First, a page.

New Artizenship blog post up now!
A few years ago—well before “Me Too” meant what it now means—an acquaintance posted on Facebook that her friend had made aggressive physical advances toward her, while his girlfriend was in another room. I sleuthed out that I was Facebook-acquaintances with him, too—that day I thought about unfriending him, but I remember thinking, I hardly know either of these people, and, I don’t want to get involved.
The Me Too and Times Up movements, and before them, the Bill Cosby sex scandals and convictions, have brought into tight focus the unfortunate truths of the humans behind our favorite artists and celebrities. And the movements and scandals have re-introduced the important discussions of what we now do with the relationships we have with these creators—both with the people we may have connections to, and certainly with the attachments we have to their created works.
These are not new actions. These are not new discussions. They are simply at the forefront, here, now. And I don’t have anything drastically new to say, I’m sure, if you’ve been digging in to the ethical questions.
I don’t think that 9-year-old Jeremy, pretending to be sick so he can play LEGOs and watch reruns of the Cosby Show, is complicit in the crimes of Bill Cosby, though perhaps 25-year-old Jeremy watching Midnight in Paris by himself on a Sunday to escape the heat and humidity of a Minnesota July is a little more of an ethical gray area—we knew by then, what Woody Allen had been accused of.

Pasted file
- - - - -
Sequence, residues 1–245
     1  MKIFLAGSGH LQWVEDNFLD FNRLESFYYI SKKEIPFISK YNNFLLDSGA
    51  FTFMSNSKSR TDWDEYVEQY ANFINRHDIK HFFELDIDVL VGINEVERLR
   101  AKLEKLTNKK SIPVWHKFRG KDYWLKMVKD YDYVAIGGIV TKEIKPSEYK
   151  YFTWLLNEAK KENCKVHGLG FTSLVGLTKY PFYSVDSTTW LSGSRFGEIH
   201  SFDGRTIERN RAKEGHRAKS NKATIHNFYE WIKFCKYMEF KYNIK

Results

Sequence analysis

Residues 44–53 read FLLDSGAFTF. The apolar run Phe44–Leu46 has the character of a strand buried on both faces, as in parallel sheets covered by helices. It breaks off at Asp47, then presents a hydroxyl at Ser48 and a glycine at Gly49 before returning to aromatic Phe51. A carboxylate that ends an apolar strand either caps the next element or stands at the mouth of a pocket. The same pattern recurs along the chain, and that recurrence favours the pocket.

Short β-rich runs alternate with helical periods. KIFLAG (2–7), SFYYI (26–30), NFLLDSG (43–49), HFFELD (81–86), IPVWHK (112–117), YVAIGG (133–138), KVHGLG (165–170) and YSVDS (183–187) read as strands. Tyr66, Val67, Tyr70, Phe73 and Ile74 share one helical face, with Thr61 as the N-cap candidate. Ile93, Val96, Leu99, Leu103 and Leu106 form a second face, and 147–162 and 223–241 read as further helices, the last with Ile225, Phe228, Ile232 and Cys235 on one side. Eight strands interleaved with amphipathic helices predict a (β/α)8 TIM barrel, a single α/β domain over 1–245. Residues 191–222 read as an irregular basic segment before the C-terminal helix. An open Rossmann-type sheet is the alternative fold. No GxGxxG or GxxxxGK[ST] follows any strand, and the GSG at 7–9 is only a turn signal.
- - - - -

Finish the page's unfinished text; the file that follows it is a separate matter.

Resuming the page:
These are celebrities, though, people I have no real intimate relationship with, and it’s easy to get swept up in the mob reacting to their actions. The question becomes more difficult when you must decide how to socially punish a member of your own creative community, whom you may have friendships with.
Shortly after my acquaintance posted about her experience, she unfriended me. And I unfriended her harasser. I was wrong to do nothing, even though I hardly knew either of them—and even “unfriending” him now seems like too little too late—but at least it’s something.
My favorite movie is Rebel Without a Cause: when Jim, the main character, is explaining to his parents that he’s going to turn himself in to the police after a fatal game of Chicken, his parents say to him: “I don’t see why you have to be involved.” And Jim says to him, “But I am involved. We are all involved.”
“I don’t want to get involved” is a lie. We are all involved, we are all responsible, and in this together.